Mystery P.I. The London Caper PC CD
Published by: Focus Multimedia
Developed by: SpinTop Games
If you're a fan of hidden object games the chances are you've already played a Mystery P.I. game. There have been a fair few of them and they all pretty much stick to the same formula that SpinTop Games have pretty much perfected. Mystery P.I. The London Caper is the latest title from SpinTop and once again there are no surprises here. There are a few small differences between The London Caper and previous games in the Mystery P.I. series that do add a little extra to the experience but for the most part it sticks closely to the Mystery P.I. formula.
The background for the game is that you've been given seventeen hours to find the Crown Jewels. There were stolen and the thieves are demanding an unbelievable amount of money for their return. There's a £10 million reward up for grabs for anyone who can get them back. In true Mystery P.I. style, you’ll visit a variety of English style locations (of which there are 25 such as Stonehenge, an English pub and a Fish and Chip shop) and have the task of scouring a location to find a number of items. In any given level there are a number of locations and you'll have to find a specific number of items in various locations within the time limit for each level. Once you've found enough items you'll get the chance to solve puzzles to claim a clue. There are nine different puzzles in all and these include Match-3, Tile Rotation, Word Search, Tile Swap and Jigsaw puzzles.
The first time you visit a location, and you'll be visiting a location numerous times throughout the game although the repetition doesn’t seem as bad here as it does in various games, you'll also have to find a key and a crown. Once you've collected twenty-five of each you'll unlock two additional game modes. These are Unlimited Seek & Find (where you'll get to find as many objects as possible in any given location) and a Match 3 bonus game. Neither mode will occupy you for long but they are certainly welcome additions.
So far it's pretty much the same as any other Mystery P.I. game then. In fact the game still has the same complaints of being Americanized in how it names objects and some of these names will seem a little strange for those who aren't from the US. In most instances this won't cause any problems but there are times when you're not exactly sure what you should be looking for. Still if you've played previous Mystery P.I. titles you'll be completely used to the American names for everything by now. I did find it strange though that US power sockets were used rather than English ones in the game’s various locations.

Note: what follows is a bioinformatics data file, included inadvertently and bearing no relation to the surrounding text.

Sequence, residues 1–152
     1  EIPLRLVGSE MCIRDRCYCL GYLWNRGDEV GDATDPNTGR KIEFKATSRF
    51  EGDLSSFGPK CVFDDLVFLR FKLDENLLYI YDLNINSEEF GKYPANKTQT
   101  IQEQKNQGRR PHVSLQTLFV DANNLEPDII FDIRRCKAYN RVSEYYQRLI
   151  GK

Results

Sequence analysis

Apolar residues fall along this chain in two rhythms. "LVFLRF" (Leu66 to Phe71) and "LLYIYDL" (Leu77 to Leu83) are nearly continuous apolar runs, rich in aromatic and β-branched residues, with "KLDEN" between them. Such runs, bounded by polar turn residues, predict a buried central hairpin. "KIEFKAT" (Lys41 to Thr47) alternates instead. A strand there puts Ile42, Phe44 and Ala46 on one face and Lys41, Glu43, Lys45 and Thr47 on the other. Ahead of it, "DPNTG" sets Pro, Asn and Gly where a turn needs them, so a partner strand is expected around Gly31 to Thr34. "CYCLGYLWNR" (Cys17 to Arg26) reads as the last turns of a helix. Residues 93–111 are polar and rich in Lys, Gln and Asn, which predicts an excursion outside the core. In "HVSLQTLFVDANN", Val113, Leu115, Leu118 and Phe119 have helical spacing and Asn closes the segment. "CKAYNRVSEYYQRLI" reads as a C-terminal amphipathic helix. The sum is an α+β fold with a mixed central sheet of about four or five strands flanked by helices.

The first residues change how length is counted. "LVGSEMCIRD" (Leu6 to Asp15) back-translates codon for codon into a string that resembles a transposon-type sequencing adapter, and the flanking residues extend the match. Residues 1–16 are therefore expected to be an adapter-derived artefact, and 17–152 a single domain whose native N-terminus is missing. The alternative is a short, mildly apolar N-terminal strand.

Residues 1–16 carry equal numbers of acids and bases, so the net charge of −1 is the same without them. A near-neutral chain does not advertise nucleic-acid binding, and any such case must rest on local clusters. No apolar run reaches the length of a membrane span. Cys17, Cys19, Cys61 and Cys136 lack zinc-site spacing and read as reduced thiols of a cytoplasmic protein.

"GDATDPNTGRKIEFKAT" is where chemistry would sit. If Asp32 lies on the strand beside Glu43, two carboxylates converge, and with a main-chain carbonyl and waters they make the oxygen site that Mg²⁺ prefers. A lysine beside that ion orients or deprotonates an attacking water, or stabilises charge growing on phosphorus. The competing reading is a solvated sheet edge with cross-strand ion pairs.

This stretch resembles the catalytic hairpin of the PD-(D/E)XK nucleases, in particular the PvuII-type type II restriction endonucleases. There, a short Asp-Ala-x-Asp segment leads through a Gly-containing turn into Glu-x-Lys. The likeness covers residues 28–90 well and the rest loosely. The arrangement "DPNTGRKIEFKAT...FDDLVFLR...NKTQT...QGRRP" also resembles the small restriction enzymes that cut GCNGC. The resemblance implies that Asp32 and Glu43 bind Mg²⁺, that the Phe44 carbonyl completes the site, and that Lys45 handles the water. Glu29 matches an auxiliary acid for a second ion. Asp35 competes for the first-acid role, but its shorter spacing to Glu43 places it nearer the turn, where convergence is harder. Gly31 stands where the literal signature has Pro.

What I found in The London Caper was that you're given vague descriptions for what you need to be looking for rather than simply having every object listed by name. There are times when you'll need to combine objects too. For instance you may need to find a postage stamp and then you'll have to fix this to a letter before dropping the letter into the post box. You don't do too much of this but it's certainly refreshing to see SpinTop do something to try and freshen up the experience somewhat.
The game's presentation hasn't really changed and by now is beginning to look a little dated. The game can be played in full screen or windowed mode but the game only runs at a screen resolution of 800x600 and that's way too low by today's standards. Virtually every PC that still works should have no problem in running the game. All of the game's information is shown visually either through pictures, text or numbers so deaf gamers won't have any problems with the game.
In many ways a review for a game such as Mystery P.I. The London Caper doesn't serve much of a purpose. If you're a fan of hidden object games the chances are that you love the series and you won't care if the latest game is the same old formula wrapped in a new theme. The London Caper only does a little to differentiate itself from previous games in the series and it's pretty much guaranteed that if you enjoyed previous Mystery P.I. games you'll love what's on offer here. It would have been nice to have seen SpinTop shake up the Mystery P.I. formula in a more dramatic fashion but it's a risk to change a winning formula and therefore it's understandable why the game sticks so closely to the series' template.